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Having emerged on the scene in 2010, Zulu Winter released their debut single, 'Never Leave', through Double Denim last November. A month later they signed to Play It Again Sam and their first album, 'Language', is now coming out via that label on 14 May. To celebrate that pending release they will play The Great Escape tonight, before heading out on a UK tour supporting Keane more>>
Originally a solo project for composer Oli Barrett, combining his classical cello training with the skills he'd learned on his then recently completed Sound Art & Design degree, as things progressed Barrett began to bring in additional musicians, amassing a team of collaborators who have previously worked with the likes of Brian Ferry, The Ting Tings, Patrick Wolf, Emmy The Great and more more>>
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- Live Nation buys a slice of Cream
- The Great Escape 2012: Winning hearts and minds in copyright debate
- The Great Escape 2012: Top tips for new artists
- Protests planned at Lady Gaga show in Indonesia
- Official Charts Company launches streaming chart
- Korn perform with former guitarist
- Frankmusik debuts new demo
- Rizzle Kicks kicked off Murs' US campaign
- Guillemots release first of four albums
- Novella announce first EP
- The Walkmen to tour
- M83 adds live dates
- Festival line-up update
- The Orchard acquires IRIS
- The Pirate Bay condemns anonymous for Virgin Media DDOS attack
- Intellitix powers social media boom at Coachella
- Harry Styles being groomed for solo career?

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Live music major Live Nation has acquired a slice of Cream Holdings Limited, the company behind the Creamfields festivals and other Cream-branded clubbing and dance music ventures.

Live Nation has bought the stake in the clubbing firm previously owned by entertainment investment outfit Ingenious, which recently announced that its involvement in growing the profitable company had reached completion.

The deal is also Live Nation's latest move into the dance and electronic music space, and as part of the transaction Cream chief James Barton will become President of Electronic Music for the company. The live firm seemingly has ambitions to grow the Cream brand, and especially the Creamfields festival operation, in North America, Europe and Southeast Asia.

The festival has already enjoyed some success with spin-offs and franchises in various corners of the world other than the North West of England, but it will be interesting to see to what extent the Live Nation alliance will step that up.

Confirming his company had bought a stake in Cream, Live Nation boss Michael Rapino told reporters: "We are committed to being a leader in electronic music and as one of the most recognisable brands in the electronic community, Cream is at the forefront of the mainstream youth culture today".

Barton, meanwhile, added: "I am delighted to be a part of the Live Nation team and know that the company is the perfect partner. Our strategies are aligned and through the combined efforts of the Cream and Live Nation teams, we will substantially grow our electronic music offerings across the globe".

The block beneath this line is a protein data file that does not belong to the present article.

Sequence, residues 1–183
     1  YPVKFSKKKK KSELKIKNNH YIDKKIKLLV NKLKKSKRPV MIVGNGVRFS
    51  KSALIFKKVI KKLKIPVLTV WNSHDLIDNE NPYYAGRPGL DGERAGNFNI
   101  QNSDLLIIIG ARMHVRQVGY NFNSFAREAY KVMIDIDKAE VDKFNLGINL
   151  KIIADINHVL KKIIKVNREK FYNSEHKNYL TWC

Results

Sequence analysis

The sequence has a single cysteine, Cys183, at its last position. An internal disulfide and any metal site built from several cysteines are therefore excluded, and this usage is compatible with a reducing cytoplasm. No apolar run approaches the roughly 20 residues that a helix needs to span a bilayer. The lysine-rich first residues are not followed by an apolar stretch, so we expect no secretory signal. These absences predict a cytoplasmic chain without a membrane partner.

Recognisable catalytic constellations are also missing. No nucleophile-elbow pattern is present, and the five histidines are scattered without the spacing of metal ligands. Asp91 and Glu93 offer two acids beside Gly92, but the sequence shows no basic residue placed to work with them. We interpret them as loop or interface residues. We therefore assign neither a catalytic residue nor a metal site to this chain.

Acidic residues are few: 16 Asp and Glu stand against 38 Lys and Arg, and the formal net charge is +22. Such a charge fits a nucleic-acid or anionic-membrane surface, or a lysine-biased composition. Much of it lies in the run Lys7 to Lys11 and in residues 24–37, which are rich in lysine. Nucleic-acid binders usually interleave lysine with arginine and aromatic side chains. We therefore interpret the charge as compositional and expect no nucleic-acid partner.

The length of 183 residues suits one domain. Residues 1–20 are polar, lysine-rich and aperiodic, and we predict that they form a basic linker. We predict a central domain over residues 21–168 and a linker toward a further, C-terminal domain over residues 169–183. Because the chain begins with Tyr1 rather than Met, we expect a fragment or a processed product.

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The CMU-programmed Great Escape convention kicked off in Brighton this morning, with two sessions on copyright issues getting the proceedings going. One will look at the government's current consultation on fair use type issues, while a session presented by PRS For Music is tackling the ongoing debate over piracy, and efforts to crack down on the distribution of illegal content online.

Artists, labels and other rights owners have scored a number of wins in recent years in persuading judges and ministers to crack down on illegal file-sharing, but when it comes to public opinion those who support file-sharing, or at least fear the draconian enforcement of copyright, have generally had the upper hand. And public opinion is everything - the successful anti-SOPA protests in the US earlier this year, led by Wikipedia and other leading web firms, derailed anti-piracy legislation Stateside that had been years in the making.

But what can the music community do to better put its side of the argument to the world at large? CMU spoke to two of the experts taking part in this Great Escape debate just before taking to the stage, and between them the advice is this: give a better voice to artists and creators, try to be less combative, and rethink your corporate PR strategy.

Songwriter and Guardian journalist Helienne Lindvall told CMU: "We need to end the myth that the music industry equals a bunch of big corporations, and that copyright only exists to line their pockets. The way to do it is to help creators and small labels feel safe enough to speak out".

She continued: "As there's safety in numbers, let's start off by using a tool that the anti-copyright lobby has used with great success: online petitions. We need to support creators and smaller labels who dare to speak out, as it's vital people understand that the erosion of copyright has a much more detrimental effect on creators and small labels than the big corporations. And to get people to understand, we need to explain why in an easy to grasp way".

Meanwhile PR expert Andy Saunders of Velocity Communications told us: "If the creative industries think that they can put the genie back in the bottle they are wrong. They need to accept that, stop being so combative and take a more consultative approach to these issues".

He added: "By properly engaging with consumers, ISPs, content licensees and governments, and listening to their arguments and concerns - rather than simply taking a blunt instrument, zero tolerance approach to all issues of copyright infringement - they might find a way through the no-win situation they currently find themselves in. They also need to invest in some decent PR strategy, which takes a more sophisticated, nuanced approach to the issues. This shrill, hectoring approach to external communications will get them nowhere".